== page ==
Students often come to Oxy thinking about internships or graduate school opportunities. Fellowships, on the other hand, are a little less familiar to most. Read on to learn about what they are and what fellowships can do for you (yes, you!).
Interested in the role caregivers play in supporting older adults, Ashley Nakagawa ’21 applied for and won a Fulbright-MITACS Globalink Scholarship during her junior year. That summer, she studied aging and the Canadian healthcare system.
“I chose to apply for the award because it seemed like a great opportunity for me to challenge myself in graduate-level research and explore a potential career in public health research,” Nakagawa says.
As a senior, she leveraged that experience to apply for a postgraduate Fulbright award that would build on her research as part of a dementia technology pilot testing program in the Philippines. She is currently a semifinalist.
Fellowships, scholarships and national awards provide unique opportunities for undergraduates and young alumni to pursue interests and gain experience that will cultivate their academic, professional and personal development. Many fellowships offer funding that makes intellectually enriching experiences possible.
“I chose to apply for the award because it seemed like a great opportunity for me to challenge myself in graduate-level research and explore a potential career in public health research.”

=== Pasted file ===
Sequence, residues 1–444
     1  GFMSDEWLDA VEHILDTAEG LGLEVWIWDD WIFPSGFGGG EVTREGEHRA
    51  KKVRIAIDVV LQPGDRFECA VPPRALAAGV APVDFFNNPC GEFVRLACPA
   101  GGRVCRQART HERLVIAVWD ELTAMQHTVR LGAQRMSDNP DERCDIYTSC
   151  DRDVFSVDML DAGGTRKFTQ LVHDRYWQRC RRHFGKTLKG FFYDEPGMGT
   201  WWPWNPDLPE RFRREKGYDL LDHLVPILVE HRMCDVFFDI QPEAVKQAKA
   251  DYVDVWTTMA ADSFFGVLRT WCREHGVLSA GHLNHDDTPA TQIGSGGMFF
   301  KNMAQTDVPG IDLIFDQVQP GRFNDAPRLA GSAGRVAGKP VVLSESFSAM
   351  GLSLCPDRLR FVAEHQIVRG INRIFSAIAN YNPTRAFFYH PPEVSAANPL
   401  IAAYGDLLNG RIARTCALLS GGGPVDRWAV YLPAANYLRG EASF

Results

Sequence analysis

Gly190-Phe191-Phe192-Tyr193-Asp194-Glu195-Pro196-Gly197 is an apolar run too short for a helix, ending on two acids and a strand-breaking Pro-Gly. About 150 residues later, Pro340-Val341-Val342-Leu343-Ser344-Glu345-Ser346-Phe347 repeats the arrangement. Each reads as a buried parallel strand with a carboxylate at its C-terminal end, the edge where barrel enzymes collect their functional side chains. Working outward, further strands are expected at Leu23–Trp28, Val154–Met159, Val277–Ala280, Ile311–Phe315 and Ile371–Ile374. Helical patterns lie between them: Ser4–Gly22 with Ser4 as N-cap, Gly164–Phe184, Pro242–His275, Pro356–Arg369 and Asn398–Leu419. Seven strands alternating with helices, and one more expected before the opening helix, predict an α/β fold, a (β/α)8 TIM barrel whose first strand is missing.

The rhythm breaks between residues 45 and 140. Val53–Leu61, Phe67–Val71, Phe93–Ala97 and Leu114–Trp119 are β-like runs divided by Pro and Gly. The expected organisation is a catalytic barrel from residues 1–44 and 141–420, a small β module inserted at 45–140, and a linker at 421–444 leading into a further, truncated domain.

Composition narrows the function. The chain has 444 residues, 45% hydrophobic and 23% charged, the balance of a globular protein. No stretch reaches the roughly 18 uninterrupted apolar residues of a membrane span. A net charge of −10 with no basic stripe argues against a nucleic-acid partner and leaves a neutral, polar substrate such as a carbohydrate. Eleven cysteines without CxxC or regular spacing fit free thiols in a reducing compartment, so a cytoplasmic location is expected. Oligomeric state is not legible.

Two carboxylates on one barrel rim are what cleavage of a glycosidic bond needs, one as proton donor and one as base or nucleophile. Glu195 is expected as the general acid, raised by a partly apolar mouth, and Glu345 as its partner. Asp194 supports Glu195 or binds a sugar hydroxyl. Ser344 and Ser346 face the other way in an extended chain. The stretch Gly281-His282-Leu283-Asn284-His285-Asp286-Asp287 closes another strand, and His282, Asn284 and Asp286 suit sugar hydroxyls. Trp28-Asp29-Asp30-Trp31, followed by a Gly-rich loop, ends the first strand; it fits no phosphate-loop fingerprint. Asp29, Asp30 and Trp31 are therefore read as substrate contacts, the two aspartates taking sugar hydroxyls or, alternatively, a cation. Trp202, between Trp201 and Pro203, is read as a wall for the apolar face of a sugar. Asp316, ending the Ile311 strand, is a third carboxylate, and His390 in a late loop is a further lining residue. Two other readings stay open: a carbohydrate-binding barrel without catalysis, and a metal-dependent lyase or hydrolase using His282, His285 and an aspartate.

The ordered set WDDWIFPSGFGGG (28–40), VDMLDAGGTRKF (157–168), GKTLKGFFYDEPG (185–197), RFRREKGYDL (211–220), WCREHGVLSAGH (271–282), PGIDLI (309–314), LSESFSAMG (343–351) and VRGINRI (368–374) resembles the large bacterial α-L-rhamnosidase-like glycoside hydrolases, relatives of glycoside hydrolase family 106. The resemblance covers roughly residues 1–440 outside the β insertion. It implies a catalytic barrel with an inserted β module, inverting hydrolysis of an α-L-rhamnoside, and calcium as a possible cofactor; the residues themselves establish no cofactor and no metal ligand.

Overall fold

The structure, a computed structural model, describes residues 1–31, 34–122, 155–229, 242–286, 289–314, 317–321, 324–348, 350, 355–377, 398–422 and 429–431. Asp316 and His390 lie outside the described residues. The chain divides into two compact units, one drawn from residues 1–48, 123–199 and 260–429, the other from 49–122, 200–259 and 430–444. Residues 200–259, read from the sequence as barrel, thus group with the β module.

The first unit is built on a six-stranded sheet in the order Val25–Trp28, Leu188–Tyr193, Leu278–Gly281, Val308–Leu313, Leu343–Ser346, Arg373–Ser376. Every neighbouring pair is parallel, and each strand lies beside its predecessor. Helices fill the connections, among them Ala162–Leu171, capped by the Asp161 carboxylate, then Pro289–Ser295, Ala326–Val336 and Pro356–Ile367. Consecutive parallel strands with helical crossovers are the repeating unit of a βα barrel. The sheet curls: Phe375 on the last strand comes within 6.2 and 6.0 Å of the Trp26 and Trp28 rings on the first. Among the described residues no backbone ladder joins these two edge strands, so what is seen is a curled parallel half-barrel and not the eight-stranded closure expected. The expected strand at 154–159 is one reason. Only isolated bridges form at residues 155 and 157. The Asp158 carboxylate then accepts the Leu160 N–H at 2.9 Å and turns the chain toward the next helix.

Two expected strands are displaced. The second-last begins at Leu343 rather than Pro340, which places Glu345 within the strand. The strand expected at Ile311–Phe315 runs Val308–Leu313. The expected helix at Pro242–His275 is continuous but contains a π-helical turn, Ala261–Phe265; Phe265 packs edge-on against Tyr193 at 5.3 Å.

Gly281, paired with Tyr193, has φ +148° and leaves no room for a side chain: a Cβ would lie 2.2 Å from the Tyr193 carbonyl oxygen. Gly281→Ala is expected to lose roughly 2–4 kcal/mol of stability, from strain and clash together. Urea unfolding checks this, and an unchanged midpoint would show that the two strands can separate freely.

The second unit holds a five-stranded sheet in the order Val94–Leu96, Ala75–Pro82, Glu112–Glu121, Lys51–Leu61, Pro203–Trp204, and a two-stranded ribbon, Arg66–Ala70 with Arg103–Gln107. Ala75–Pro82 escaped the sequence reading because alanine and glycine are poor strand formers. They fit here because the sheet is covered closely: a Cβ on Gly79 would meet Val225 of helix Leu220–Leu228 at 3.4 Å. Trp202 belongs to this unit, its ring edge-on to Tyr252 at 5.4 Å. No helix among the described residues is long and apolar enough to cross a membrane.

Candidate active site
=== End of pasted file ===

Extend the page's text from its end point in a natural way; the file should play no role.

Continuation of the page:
Ashley Nakagawa '21
That might look like doing a fully funded research project between college and graduate school. Or it could mean receiving major funding to complete a graduate degree through a Marshall or Rhodes Scholarship (for a fully funded master’s degree in the UK) or a National Science Foundation (NSF) Graduate Research Fellowship.
Other opportunities include working for a government or service program domestically through the Capital Fellows Program or the Coro Fellowship in Public Affairs; or funded scientific research for sophomores and juniors as a gateway to subsequent NSF funding. There are many options for going abroad, such as the Congress-Bundestag Youth Exchange for Young Professionals, NYU Shanghai Global Writing and Speaking Fellowships, the Luce Scholars Program and the Gilman Fellowship, to name a few.
Oxy has long been a top producer of Fulbright awardees, allowing seniors and young alumni to do everything from teaching English abroad to studying horticulture therapy for children in Sweden to joining a Spanish lab to study bioengineering and tissue regeneration.
Beyond their immediate benefits, fellowships can also serve as a stepping stone to other exciting things such as additional fellowships, networking opportunities in your field, graduate school or a dream career.
“Fellowship participants represent a wide range of people in different majors going into different industries or continuing on in academia,” says Jennifer Locke, director of national and international fellowships at Oxy.
As a senior, economics major Jordan Walker ’21 won a Luce Scholarship, which funds a year of study and professional development in Asia. He is interested in a career of civil service, and after his year abroad he plans to attend graduate school to expand his understanding of public transportation systems.
“During my Luce year, I want to learn as much as I can about how we can reprioritize our cities for people over cars by building effective transportation systems,” Walker says.